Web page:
• Thursday, Aug 06, 2020
  • Last Update : 01:05 pm

Sikders dominate National Bank board in violation of rules

  • Published at 10:19 pm May 30th, 2020
NBL
National Bank, the first private bank established by Bangladeshi entrepreneurs in the country, is owned by the Sikder family. Collected

Bankers and economists say that violation of laws and the Sikder family’s supremacy on the board has led the bank into trouble, risking the money of depositors

In violation of the Bank Company Act, the Sikder family has held six director positions on the board of National Bank Limited (NBL) for the last five years. During this time, they have allegedly abused their dominance to approve loans and the number of non-performing loans jumped sharply.

According to the latest annual report of the bank, the six directors from the Sikder family are Zainul Haque Sikder, chairman of Sikder Group, his wife Monowara Sikder, daughter Parveen Haque Sikder, sons Rick Haque Sikder and Ron Haque Sikder, and nephew Jonas Sikder Khan. They all have held director positions since 2015.

The group came into the spotlight following an altercation with Exim Bank over the sanction of a Tk500 crore loan. After the loan was not sanctioned, Rick Haque Sikder and Ron Haque Sikder reportedly shot the MD of Exim Bank and tortured two other officers.

The Bank Company (amendment) Act 2013 allows no more than four members of a family on the board of a bank. Prior to the amendment, the upper limit was two.

A first generation bank in Bangladesh, and once a top performer in the country, NBL is now an ailing and undisciplined organization. The top management of the bank is powerless against the will of the Sikder Group due to their supremacy on the board, sources said. 

Non-performing loans at the bank soared to Tk2,776 crore in December last year.

Bankers and economists say that violation of laws and the Sikder family’s supremacy on the board has led the bank into trouble, risking the money of depositors.

Speaking to Dhaka Tribune, former deputy governor of Bangladesh Bank, Khondkar Ibrahim Khaled, said the group under the auspices of the government, has repeatedly broken the law. However, the Finance Ministry and Bangladesh Bank remained silent.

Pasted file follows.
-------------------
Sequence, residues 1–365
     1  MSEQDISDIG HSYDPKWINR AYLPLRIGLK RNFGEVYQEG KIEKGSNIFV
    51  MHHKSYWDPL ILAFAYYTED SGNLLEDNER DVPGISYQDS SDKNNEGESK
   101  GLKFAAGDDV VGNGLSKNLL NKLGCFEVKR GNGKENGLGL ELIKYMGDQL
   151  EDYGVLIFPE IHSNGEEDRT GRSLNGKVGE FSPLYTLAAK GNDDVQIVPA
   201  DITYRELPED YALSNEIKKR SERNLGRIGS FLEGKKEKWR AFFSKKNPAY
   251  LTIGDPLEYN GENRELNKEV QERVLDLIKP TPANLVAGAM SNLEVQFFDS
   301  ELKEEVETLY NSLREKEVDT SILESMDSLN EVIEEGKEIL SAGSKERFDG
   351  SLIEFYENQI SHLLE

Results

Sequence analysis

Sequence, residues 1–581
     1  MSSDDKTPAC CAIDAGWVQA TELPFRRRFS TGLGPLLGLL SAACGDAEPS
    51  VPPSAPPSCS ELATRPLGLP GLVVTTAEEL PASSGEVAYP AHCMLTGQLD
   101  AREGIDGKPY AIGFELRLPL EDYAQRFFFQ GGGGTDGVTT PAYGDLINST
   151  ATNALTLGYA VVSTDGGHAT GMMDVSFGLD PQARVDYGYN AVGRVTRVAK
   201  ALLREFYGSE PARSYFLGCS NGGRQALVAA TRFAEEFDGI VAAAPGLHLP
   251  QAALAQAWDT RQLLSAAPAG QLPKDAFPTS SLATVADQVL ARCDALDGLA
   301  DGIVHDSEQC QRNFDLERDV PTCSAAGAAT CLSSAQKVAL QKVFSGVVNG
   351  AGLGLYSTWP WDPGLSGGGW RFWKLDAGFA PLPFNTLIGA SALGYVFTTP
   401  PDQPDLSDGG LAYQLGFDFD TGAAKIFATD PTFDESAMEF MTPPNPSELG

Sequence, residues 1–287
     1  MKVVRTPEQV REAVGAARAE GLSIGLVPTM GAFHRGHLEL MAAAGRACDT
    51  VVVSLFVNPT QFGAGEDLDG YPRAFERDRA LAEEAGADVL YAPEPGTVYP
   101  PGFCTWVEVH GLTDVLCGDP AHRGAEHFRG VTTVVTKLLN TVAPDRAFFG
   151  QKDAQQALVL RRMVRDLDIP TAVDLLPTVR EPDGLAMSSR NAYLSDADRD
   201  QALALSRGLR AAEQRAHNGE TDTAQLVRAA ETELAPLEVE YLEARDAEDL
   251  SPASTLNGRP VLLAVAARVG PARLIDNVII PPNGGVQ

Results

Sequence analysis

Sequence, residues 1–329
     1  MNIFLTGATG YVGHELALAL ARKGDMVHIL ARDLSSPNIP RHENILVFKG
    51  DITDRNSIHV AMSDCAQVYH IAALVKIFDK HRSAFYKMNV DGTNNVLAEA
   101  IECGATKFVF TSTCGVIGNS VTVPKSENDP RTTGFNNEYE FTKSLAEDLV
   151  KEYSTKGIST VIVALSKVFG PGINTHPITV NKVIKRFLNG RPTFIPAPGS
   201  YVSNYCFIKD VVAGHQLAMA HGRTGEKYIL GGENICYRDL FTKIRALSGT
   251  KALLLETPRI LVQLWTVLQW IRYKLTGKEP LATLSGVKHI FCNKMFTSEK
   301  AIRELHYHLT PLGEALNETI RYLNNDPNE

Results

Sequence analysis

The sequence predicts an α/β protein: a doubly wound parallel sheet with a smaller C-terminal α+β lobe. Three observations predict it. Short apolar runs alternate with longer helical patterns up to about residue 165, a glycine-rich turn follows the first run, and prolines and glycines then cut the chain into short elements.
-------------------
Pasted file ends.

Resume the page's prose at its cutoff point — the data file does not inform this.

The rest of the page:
"Even a few years ago, National Bank was one of the top five banks. After Sikder took the lead in the board with six members of the family, the performance of the bank started to deteriorate and the downward trend continues,” said the former banker.

Ibrahim Khaled also blamed political influence for the irregularities and corruption in the bank. As Sikder Group maintains a good relationship with influential political leaders, the central bank and the finance division are not taking action against NBL, he said.

Although the bank has been violating rules for years, the central bank claims it did not know about it.

"I am not well informed about the directors. We will investigate and if there are violations of rules, legal action will be taken against the bank,” Bangladesh Bank spokesman and Executive Director Sirajul Islam told Dhaka Tribune. 

“We are ready to enforce the rules,” he added.

Contacted, Director and Chairperson of the Executive Committee of NBL, Parveen Haque Sikder, declined to comment on the matter.

“There is no one among the top management, including the MD, who can raise their voice against the decisions of the Sikder Group. Decisions on the approval of loans depends on their will, which has caused the high number of bad loans at the bank,” a top NBL official told Dhaka Tribune, asking to remain anonymous.

Due to the non-performing loans and mismanagement, shareholders of the bank are being deprived of good returns on their investment. The trend of offering dividends is declining, the official said.

Executive Director of Policy Research Institute (PRI), Dr Ahsan H Mansur, told Dhaka Tribune: “If more than two members on the board of any bank are from the same family, investor and general shareholder interests are not protected. 

“However, the bank company act stipulates that a maximum of four family members are allowed on a bank's board, which is irrational. If there are more than four family members, it is even more irrational,” he added.

“People should not keep money in such banks,” Mansur suggested.

The bank disbursed only 10% stock dividends to its shareholders in 2018, as compared to 55% in 2009, 95% in 2010, 65% in 2011, 20% in 2016 and 12% in 2017.

The consolidated earnings per share (EPS) of NBL was Tk0.65 for the third quarter (January-September) of 2019, and Tk0.82 over the same period in 2018, according to the unaudited report.

Meanwhile, the price of each share of the bank was at a face value of Tk7.20 on March 25 at the Dhaka Stock Exchange. NBL was listed on the Dhaka bourse in 1984.

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